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Tree or shrub? Heptacodium excels at both...


No, Virginia! Those are not flowers,but the seedheads on one of the most remarkable and beautiful shrubs (or is it a tree?) from China. Heptacodium miconioides was discovered by E.H. Wilson in Hubei province in China in 1907, but only introduced to cultivation in 1980 when seed was grown at the Arnold Arboretum, which distributed plants a few years later to members. One of those original plants is featured at the end of this blog.

Not only are the seedheads in late autumn spectacular, but the flowers are a lovely, pure white: it blooms much of August and September. If you come close you will smell an indescribable, sweet fragrance that is somehow tropical, rather like the exotic shape of the leaves with their long drip tips. The smell is strongest in the evening and at night--almost overpowering at times (but no one complains!).

Here is a particularly floriferous plant I photographed ten years ago in Massachusetts.

Here is the oldest specimen at Denver Botanic Gardens, planted in the late 1990's, already almost 20' tall. This is coming into full bloom right now, and should be spectacular much of the next month: do come sniff it!

Here is the largest specimen in Colorado (that I know of): Solange Gignac, who worked 23 years at Denver Botanic Gardens, obtained one in 1983 the first year they were distributed--so this is now in its 30th year of growing. It is 30' tall and growing--a magnificent plant I would characterize as a tree.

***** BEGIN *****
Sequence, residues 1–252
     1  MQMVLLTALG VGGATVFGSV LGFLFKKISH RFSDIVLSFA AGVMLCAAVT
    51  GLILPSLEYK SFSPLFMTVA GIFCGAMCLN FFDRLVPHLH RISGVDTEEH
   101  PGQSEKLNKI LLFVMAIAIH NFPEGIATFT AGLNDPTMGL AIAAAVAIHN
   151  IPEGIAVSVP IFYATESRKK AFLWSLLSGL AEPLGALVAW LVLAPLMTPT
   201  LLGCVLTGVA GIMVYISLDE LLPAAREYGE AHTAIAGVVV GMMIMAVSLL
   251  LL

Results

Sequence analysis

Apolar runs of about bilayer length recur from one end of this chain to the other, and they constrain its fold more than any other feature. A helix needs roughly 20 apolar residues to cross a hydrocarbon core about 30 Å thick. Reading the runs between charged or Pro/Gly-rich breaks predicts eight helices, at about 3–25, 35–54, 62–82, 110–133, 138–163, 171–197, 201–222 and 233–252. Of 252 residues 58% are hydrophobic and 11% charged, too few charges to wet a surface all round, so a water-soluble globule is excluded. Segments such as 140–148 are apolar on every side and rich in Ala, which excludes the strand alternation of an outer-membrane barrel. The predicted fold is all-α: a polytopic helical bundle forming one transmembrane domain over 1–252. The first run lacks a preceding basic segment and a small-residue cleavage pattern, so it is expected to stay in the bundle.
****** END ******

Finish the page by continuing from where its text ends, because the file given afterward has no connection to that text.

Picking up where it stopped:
Not only are the flowers and seedheads beautiful, but the bark is appealing all times of year. A mature specimen develops a trunk rather like a Crepe Myrtle--mottled and glistening with time. This seems to have great cold hardiness and thrives in a variety of sites and soils. It needs average irrigation in Colorado (it is not a desert plant), but has such sterling qualities that Plant Select has promoted this as a recommended plant for Colorado Gardens.

Solange Gignac passed away a week ago today: I know that every time I admire our wonderful specimens growing in several gardens around DBG (Rock Alpine Garden, Plantasia, Plant Select), I shall think of her, and her love of this plant. It's sweet fragrance will remind me of the years of sweet companionship and friendship, and her great contributions to our community and Helen Fowler Library.



Phyllis Waring

I have this tree in my garden and it has come beautiful but I noticed that the leaves started to drop so I thought perhaps it needed water but no we have another tree by the side of it and wondering if that was the cause it looked as if it was dieting so I cut back the part that was under another tree that looks ok does it need to be on its own or has it got a disease some of the leaves have brown spotting. I do not want to lose it.

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